From: Howard Engelskirchen (howarde@TWCNY.RR.COM)
Date: Wed Jul 14 2004 - 09:34:20 EDT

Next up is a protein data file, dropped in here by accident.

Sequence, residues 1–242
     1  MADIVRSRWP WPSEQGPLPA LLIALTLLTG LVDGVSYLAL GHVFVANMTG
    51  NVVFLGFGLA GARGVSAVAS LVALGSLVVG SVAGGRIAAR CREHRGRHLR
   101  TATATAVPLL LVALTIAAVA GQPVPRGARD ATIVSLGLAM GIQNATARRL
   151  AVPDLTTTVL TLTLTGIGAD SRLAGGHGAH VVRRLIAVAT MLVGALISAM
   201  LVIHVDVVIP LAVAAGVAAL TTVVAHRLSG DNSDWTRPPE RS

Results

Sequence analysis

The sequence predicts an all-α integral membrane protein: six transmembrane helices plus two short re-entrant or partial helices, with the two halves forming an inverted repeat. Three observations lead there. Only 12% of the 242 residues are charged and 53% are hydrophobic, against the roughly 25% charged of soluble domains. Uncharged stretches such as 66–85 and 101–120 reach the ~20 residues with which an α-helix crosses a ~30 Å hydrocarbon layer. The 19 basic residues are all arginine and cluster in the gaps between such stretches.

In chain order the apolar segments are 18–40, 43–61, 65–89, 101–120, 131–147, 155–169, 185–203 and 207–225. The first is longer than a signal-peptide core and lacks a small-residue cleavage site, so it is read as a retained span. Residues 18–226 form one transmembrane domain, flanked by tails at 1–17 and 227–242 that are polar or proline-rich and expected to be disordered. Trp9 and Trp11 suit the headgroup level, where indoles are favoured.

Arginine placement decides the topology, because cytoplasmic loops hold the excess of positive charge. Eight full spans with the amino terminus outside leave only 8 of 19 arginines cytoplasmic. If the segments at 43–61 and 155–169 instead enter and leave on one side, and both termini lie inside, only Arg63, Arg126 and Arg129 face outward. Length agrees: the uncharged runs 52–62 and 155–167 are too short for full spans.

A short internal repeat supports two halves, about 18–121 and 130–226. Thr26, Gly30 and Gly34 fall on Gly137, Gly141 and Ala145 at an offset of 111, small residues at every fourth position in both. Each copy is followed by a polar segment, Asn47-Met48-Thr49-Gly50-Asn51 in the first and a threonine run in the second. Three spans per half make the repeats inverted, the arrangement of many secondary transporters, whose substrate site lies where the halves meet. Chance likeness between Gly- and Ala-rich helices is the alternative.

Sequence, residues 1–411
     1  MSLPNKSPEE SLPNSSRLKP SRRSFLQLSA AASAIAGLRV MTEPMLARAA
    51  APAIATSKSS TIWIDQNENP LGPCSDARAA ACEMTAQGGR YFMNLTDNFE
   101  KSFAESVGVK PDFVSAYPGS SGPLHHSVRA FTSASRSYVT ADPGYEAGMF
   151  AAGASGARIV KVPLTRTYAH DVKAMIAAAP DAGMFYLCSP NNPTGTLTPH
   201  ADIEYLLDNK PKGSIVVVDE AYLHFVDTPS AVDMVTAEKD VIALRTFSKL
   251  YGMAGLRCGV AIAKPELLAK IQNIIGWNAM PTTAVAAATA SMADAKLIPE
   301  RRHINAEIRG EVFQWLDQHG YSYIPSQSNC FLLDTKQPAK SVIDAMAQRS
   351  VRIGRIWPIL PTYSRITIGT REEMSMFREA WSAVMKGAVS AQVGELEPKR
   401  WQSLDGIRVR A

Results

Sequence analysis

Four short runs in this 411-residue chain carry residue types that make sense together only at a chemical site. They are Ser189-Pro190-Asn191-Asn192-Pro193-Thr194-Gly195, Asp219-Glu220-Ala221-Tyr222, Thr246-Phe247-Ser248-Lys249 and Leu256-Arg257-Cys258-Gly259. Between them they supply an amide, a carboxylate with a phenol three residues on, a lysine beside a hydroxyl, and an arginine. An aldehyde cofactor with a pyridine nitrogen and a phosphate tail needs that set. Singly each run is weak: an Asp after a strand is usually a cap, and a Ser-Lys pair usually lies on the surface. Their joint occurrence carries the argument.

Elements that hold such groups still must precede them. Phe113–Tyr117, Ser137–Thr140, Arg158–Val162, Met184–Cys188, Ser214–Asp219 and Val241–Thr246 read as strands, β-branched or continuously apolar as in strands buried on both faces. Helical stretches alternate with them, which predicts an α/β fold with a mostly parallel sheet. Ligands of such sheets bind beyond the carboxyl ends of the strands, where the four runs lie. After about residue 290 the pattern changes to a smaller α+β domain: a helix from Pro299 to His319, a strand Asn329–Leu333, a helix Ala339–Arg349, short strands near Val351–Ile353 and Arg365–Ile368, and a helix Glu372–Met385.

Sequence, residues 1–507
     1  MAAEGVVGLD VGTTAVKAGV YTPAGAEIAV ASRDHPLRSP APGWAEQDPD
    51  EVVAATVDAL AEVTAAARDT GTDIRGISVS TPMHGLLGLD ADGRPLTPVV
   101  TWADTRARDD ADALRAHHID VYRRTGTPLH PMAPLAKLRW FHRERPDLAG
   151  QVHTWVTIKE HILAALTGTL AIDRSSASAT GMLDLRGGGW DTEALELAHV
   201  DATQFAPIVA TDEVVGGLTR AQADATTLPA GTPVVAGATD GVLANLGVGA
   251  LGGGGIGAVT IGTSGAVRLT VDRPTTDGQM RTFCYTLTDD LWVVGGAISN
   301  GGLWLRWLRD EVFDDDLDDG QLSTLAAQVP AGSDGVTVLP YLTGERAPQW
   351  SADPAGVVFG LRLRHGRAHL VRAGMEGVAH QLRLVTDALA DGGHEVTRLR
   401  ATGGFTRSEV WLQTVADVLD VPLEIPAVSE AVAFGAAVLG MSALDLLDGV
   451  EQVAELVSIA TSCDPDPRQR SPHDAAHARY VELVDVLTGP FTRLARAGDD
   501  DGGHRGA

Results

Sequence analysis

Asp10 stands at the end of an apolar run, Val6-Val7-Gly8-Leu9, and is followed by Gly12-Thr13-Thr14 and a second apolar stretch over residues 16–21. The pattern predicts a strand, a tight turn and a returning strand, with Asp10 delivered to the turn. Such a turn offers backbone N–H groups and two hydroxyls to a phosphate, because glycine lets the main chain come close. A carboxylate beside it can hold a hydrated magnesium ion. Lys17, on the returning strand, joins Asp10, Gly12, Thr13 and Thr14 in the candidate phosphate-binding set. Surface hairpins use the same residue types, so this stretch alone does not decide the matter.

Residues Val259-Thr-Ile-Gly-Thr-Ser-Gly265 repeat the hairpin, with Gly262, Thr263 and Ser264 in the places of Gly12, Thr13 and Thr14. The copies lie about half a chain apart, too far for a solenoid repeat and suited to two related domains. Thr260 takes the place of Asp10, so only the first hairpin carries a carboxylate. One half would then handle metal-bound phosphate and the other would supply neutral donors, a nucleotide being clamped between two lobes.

Hi Clyde, That you find tension and contradiction in my suggestions opens the possibility that there is dialectical hope for them. Here is my response to the problem you pose as I understand it: Suppose you have something I want -- say cases of wine. If stable and appropriate relations of force are presupposed, I can give you a promise, which is not a commodity, in exchange for the wine. If a stable and appropriate relation of force does not exist you will insist on real value and ignore my offer to exchange a promise for wine. Force is an emergent necessity of generalized commodity production -- unless you have the former you don't get the latter. But it is commodity production that generates force as an emergent social relation, not the other way around. The fact that force makes it possible to substitute a promise for commodity value doesn't mean the exchange of embodied value is no longer a presupposition of the exchange. (If A gave B a horse in exchange for B giving me a cow in exchange for me giving A a flute lesson -- we're speaking hypothetically here -- you wouldn't say there was no longer an exchange of commodity for commodity because B gave A a piece of paper in exchange for the horse, would you?) Take force away, which in particular conjunctures can happen, and you will see the necessity of commodity money again exposed. Or provide the occasion for the exercise of force and you see that the presupposition of the relationship is an exchange of real values -- as Marx says about money as means of payment generally: if the promisor doesn't pay, the sheriff will come and sell his goods. Tat is, real values exchange after all. Why didn't Marx say instead -- you see, money as means of payment shows that non-commodity money is perfectly compatible with capitalism? Instead he shows that non-commodity mechanisms work as long as they are supported by relations of force. Howard ----- Original Message ----- From: <clyder@GN.APC.ORG> To: <OPE-L@SUS.CSUCHICO.EDU> Sent: Monday, July 12, 2004 6:13 AM Subject: Re: [OPE-L] measurement of abstract labor > Howard, you say "Where the social relation that > generates the product as a commodity exists, then the product of labor is > constituted by value, and value, which is not presented empirically like > texture or other physical qualities, must find a vehicle for its expression. > It finds its means of expression in the body of another commodity and this > process in turn generates the money commodity. I don't know any way to > supercede or transcend this process other than by transforming the > generative social structure responsible for the existence of products as > values in the first place (the transition to socialism)." > > But you later recognise that : > > "symbols such as inconvertible paper can stand in for money if the coercive > tools of the state ensure their efficacy and a roughly stable relation to > the set of value relations requiring expression is maintained." > > This essentially contradicts your first formulation since it recognises > the obvious - that non-commodity money is perfectly compatible with > capitalism. > There seems to be a tension in your thought here! > > ---------------------------------------------------------------- > This message was sent using IMP, the Internet Messaging Program.
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